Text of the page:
R V PENE - Intention to help or encourage
R V PENE - Intention to help or encourage must exist A party must intentionally help or encourage - it is insufficient if they were reckless as to whether the principal was assisted or encouraged.
R V RENATA - Multiple offenders
R V RENATA - Multiple offenders Three offenders beat the victim to death in the car park of a tavern. The prosecution was unable to establish which blow was the fatal one or which of the three offenders administered it. The court held that where the principal offender cannot be identified, it is sufficient to prove that each individual accused must have been either the principal or a party in one of the ways contemplated by s66(1).
LARKINS V POLICE - Actual proof of assistance
LARKINS V POLICE - Actual proof of assistance is required The principal offender should know that he is being assisted and there must be proof of actual assistance. In that he was able to proceed with the offence with the additional confidence knowing his accomplice was on the lookout for unwanted intervention.
ASHTON V POLICE - Legal duty
ASHTON V POLICE - Legal duty example An example of a secondary party owing a legal duty to a third person or to the general public is a person teaching another person to drive.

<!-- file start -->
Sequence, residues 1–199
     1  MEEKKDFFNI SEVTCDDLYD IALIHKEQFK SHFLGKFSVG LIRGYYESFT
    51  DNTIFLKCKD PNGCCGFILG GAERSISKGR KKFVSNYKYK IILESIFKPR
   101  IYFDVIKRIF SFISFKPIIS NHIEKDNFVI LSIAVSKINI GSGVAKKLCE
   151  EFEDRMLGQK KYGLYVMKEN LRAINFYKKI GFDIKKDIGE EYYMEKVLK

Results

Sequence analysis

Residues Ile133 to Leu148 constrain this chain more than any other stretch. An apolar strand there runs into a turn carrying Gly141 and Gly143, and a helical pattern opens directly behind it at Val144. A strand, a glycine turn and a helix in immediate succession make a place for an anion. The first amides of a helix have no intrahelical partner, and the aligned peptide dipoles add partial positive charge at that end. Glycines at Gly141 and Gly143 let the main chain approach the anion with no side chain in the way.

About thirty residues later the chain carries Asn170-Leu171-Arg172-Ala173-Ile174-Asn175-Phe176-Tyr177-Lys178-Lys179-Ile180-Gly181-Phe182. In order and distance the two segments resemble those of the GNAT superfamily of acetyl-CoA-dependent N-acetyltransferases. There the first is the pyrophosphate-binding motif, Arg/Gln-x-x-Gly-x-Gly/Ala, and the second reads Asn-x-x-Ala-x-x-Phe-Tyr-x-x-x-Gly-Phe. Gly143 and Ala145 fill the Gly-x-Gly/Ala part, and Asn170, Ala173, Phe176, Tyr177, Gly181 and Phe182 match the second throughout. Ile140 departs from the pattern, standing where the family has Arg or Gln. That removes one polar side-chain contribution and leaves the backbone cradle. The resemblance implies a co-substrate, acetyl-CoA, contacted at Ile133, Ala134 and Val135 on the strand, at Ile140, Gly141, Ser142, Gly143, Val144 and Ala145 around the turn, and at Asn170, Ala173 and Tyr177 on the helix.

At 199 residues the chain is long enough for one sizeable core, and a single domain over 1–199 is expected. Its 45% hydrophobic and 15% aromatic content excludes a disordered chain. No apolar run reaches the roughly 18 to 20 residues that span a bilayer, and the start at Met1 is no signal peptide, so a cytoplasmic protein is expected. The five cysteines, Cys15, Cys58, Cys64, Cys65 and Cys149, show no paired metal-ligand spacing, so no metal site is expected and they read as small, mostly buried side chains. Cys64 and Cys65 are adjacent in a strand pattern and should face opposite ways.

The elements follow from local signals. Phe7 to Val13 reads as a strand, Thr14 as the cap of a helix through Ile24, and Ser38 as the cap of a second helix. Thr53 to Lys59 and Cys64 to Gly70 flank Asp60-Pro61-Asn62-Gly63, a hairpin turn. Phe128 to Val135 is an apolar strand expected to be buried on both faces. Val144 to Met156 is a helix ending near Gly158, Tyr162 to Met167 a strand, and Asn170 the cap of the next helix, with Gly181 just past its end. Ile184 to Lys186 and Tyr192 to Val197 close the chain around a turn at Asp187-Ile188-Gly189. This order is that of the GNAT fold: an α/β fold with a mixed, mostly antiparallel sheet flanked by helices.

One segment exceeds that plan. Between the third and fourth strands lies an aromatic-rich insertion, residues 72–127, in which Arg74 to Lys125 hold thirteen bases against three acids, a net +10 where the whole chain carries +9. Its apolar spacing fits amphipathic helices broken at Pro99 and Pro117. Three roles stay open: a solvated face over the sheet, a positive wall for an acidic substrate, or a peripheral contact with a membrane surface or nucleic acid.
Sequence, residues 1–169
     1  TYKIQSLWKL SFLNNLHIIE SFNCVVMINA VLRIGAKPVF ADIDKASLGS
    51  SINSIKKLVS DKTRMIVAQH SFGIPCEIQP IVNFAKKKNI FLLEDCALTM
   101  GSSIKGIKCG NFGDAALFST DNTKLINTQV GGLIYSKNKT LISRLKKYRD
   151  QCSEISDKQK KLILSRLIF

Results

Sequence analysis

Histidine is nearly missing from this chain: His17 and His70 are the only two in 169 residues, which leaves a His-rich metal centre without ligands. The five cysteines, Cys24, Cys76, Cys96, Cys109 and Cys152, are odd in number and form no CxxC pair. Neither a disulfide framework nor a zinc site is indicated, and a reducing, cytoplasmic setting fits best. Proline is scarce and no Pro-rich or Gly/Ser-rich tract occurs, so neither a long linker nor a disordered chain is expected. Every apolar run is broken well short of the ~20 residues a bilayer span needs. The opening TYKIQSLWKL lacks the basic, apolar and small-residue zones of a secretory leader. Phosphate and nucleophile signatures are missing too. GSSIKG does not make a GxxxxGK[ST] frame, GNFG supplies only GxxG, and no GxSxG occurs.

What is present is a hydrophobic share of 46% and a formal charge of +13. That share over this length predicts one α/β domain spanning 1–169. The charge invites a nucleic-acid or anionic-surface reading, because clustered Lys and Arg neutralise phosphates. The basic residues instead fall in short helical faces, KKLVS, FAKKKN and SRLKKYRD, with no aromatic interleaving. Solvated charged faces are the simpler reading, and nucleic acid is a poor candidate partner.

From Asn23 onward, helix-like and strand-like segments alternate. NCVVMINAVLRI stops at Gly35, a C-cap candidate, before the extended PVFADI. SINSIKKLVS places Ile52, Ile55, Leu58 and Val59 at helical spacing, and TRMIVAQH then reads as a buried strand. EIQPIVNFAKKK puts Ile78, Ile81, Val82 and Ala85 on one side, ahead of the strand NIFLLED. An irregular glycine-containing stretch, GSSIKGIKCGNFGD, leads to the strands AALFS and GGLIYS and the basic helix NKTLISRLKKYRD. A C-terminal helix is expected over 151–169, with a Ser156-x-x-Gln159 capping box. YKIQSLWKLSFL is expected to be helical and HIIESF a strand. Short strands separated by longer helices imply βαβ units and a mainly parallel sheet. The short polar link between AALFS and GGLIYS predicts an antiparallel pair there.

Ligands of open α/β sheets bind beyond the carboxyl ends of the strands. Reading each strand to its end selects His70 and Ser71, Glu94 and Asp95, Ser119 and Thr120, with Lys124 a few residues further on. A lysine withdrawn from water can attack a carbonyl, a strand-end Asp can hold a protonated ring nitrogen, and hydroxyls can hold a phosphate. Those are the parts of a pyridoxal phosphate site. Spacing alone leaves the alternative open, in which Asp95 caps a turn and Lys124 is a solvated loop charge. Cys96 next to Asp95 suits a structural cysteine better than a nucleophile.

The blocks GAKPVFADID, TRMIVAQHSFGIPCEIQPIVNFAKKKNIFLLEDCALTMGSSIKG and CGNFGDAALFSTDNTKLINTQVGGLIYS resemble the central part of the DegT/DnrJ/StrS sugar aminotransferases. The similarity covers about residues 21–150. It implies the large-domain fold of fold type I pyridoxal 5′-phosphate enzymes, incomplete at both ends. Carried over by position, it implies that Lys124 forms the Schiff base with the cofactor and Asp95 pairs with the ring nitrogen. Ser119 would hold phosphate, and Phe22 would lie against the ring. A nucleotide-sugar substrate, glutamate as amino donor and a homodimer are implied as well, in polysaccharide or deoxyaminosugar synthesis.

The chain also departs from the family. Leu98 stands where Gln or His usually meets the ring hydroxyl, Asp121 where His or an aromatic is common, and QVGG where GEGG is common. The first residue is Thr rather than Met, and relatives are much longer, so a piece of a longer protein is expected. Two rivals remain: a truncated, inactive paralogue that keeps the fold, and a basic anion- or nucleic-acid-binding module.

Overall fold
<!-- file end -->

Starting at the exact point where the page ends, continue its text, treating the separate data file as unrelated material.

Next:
R V RUSSELL - Special relationship
R V RUSSELL - Special relationship The accused was charged with the murder of his wife and two sons. Following an argument between the accused and his wife, the wife, in the presence of the accused, allegedly jumped into a swimming pool with both children, drowning them all. The accused failed to render assistance to his wife or their children. The court held that the accused was morally bound to take active steps to save his children, but by his deliberate abstention from doing so, and by giving the encouragement and authority of his presence and approval to his wife’s act he became an aider and abettor and thus a secondary offender.
R V BETTS AND RIDLEY – Common Intention
R V BETTS AND RIDLEY – Common Intention In an offence where no violence is contemplated and the principal offender in carrying out the offence uses violence, a secondary offender taking no physical part in it would not be held liable for the violence used.